Steve McQueen owned a tuned Cooper S. McQueen is well known as a screen legend, but he was also a very serious motor sport enthusiast. McQueen raced cars and motorcycles, and he loved his Mini. Mary Quant, inventor of the mini-skirt, liked the Mini, even designing a limited edition Mini in the 1980s. Countless other cultural icons of the 1960s drove Minis. One 1970’s music legend—glam rock king Marc Bolan of T. Rex—died when his wife veered off the road and struck a tree with his Mini in 1977. Continue Reading →
By Chris Haak
When Daimler (then called DaimlerChrysler) sold 81.1% of its stake in Chrysler to Cerberus Capital Management in mid-2007, it held onto the remaining 19.9% of Chrysler. At the time, Daimler made all kinds of noise about how they believed in Chrysler and wanted to hold onto about a fifth of the company to reap the rewards of its success, and so forth.
Subsequently, Daimler was forced to belly up to two massive write-downs in its Chrysler stake based on the decline in the book value of its investment in Chrysler, according to international accounting rules. The size of these write-downs, easily extrapolated (by multiplying them by five) led many industry analysts to speculate that Chrysler was losing huge amounts of money. These rumors caused tight-lipped Cerberus, as well as Chrysler, to release public statements concerning its cash position, operating cash flow, and operating profits – in spite of there being no statutory requirement for doing so. Even if the accounting rules that Daimler must abide by are different (more strict in this case) than US accounting rules, the fact remains that Chrysler is still an albatross on Daimler’s neck – albeit only 19.9% of an albatross relative to what it would otherwise have been). (A brief editorial note: I’m not here to say that Daimler didn’t have an awful lot – if not nearly everything – to do with the situation Chrysler finds itself in today. After all, Daimler did own Chrysler for nine years, and oversaw the approval and development of every model in Chrysler’s current portfolio.) Continue Reading →
Odds and ends about cars and car business
By Brendan Moore
DAIMLER and RWE (Rheinisch-Westfälisches Elektrizitätswerk AG, until 1990), a German utility company, have revealed plans to offer charging stations for electric vehicles in Germany by the end of 2009. RWE is quick to point out that this development is only a market test, and will only be offered in Berlin initially. “This is a pilot market and more will follow. Then we will see how this does in practice,” RWE CEO Juergen Grossmann told reporters. The reason Daimler was involved is because the company intends to produce a limited run of lithium-ion battery powered Smart minicars in 2009. There will be other production EVs or PHEVs for sale in Germany by 2010, though, most notably the Honda Insight, the Toyota Prius, the Bollore-Pininfarina EV and Nissan’s as-yet-unnamed EV.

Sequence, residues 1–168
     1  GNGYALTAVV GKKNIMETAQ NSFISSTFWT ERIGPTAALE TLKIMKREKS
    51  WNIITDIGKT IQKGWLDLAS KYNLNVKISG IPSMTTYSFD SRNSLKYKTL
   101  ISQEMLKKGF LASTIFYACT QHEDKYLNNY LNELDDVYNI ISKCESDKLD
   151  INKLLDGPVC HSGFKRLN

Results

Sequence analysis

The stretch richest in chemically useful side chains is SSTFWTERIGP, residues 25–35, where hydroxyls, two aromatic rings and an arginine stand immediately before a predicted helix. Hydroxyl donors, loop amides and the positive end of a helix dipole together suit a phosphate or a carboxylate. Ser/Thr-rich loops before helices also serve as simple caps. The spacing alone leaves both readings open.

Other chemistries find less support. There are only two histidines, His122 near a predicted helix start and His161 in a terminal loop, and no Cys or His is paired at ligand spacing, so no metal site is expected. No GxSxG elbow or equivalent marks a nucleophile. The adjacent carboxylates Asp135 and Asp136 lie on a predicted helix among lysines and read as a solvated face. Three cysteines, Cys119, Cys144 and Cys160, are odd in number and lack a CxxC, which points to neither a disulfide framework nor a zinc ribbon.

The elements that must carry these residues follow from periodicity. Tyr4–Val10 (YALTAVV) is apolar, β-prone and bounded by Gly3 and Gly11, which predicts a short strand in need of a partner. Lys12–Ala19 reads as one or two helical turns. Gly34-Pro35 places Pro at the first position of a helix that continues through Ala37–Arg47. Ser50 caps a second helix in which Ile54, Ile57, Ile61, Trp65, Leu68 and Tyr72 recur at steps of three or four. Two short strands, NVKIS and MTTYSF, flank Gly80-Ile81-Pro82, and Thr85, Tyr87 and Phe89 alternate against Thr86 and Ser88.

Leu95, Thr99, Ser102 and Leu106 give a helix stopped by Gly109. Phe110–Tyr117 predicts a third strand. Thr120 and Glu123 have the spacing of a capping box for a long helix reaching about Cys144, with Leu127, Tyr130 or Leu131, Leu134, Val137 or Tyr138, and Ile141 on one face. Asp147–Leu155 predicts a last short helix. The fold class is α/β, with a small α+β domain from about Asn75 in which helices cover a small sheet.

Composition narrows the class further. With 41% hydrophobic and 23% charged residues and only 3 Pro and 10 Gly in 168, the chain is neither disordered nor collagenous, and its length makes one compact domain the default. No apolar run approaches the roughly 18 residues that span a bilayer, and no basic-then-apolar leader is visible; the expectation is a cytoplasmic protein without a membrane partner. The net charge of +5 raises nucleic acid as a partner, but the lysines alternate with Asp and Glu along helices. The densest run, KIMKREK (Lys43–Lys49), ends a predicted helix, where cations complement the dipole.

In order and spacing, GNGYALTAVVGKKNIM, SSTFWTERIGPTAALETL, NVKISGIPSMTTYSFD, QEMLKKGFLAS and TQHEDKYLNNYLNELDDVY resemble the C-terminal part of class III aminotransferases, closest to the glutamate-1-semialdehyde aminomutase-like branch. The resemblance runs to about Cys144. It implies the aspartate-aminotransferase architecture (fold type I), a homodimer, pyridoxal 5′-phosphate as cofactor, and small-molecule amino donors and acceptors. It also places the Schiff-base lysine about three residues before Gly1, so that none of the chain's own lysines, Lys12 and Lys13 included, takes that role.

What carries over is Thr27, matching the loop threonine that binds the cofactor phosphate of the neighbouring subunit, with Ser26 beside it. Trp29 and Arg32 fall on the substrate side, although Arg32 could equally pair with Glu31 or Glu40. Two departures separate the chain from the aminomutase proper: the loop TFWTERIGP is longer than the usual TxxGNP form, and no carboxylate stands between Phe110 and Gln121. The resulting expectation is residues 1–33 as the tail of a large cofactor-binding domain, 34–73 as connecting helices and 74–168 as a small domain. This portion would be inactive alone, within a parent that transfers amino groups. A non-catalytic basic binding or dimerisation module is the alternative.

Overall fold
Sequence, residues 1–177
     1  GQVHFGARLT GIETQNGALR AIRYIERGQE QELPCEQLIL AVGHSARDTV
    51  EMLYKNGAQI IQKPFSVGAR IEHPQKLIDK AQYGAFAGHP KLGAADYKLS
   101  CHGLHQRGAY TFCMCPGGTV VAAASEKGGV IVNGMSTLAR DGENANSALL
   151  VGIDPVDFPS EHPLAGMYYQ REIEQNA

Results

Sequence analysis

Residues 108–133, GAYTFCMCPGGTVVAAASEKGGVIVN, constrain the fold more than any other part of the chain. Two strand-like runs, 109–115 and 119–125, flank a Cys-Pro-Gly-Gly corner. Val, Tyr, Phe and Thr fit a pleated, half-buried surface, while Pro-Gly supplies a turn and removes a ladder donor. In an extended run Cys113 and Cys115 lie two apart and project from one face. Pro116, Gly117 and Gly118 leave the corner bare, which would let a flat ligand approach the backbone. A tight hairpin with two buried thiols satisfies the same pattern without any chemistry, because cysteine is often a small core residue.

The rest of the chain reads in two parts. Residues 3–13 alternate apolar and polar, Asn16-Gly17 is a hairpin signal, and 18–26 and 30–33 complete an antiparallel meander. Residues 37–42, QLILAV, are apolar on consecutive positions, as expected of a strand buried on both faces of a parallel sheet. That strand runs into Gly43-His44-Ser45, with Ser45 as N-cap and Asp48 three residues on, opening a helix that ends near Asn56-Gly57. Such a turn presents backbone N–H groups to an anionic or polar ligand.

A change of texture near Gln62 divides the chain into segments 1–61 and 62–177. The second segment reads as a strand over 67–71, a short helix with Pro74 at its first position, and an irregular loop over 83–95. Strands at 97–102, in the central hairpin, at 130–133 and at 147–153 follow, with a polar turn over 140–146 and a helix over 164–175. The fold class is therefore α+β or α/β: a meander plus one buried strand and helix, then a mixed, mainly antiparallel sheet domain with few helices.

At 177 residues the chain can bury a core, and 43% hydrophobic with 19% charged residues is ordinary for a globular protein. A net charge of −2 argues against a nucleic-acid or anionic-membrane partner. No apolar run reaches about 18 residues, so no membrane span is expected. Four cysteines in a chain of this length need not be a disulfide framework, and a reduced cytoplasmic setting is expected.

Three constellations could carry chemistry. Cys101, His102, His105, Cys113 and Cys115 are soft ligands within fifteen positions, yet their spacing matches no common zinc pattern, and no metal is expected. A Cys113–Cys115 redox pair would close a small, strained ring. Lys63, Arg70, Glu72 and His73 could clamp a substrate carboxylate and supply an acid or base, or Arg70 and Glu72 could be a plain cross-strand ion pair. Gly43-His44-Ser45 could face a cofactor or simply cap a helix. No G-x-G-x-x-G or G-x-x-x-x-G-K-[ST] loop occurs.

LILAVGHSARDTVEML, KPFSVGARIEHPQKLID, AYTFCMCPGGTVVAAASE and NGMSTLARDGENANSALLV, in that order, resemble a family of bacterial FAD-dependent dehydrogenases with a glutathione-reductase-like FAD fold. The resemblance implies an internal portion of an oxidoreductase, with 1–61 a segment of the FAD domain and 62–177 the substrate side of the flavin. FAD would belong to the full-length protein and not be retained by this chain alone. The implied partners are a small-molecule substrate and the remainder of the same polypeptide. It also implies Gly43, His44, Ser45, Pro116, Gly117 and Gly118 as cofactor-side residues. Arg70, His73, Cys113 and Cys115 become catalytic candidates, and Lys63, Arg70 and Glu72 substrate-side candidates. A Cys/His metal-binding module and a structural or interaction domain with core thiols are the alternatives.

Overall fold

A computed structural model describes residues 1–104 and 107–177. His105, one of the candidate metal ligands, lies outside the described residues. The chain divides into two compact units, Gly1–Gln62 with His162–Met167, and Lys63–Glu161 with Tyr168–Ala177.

GM plans to show a production version of the Volt this month (speaking of electric vehicles). Speculation was rampant that GM would debut the production version of the Volt at the Paris Auto Show, but GM says the first showing will be at an internal GM event for employees at which some media will be present. September 16 is the 100-year anniversary of General Motors and the Volt is expected to be shown at that event. Bob Lutz, Vice-Chairman of GM worldwide, told reporters at Automotive News Europe that pre-production models of the Volt will be built next year and 2010 ahead of the final production version in 2010. A European version will follow in 2011. “Everything is looking good,” Lutz said. “We have quite a few running around now in old Chevy Malibu bodies, so we can modify the engine and battery configuration.” It’s not an overstatement that the Volt EV is highly anticipated by the public, industry analysts, and GM itself. Lutz himself has referred to the Volt as GM’s most important model launch in the history of the company, and he views the Volt as one of the crowning achievements of his career. Continue Reading →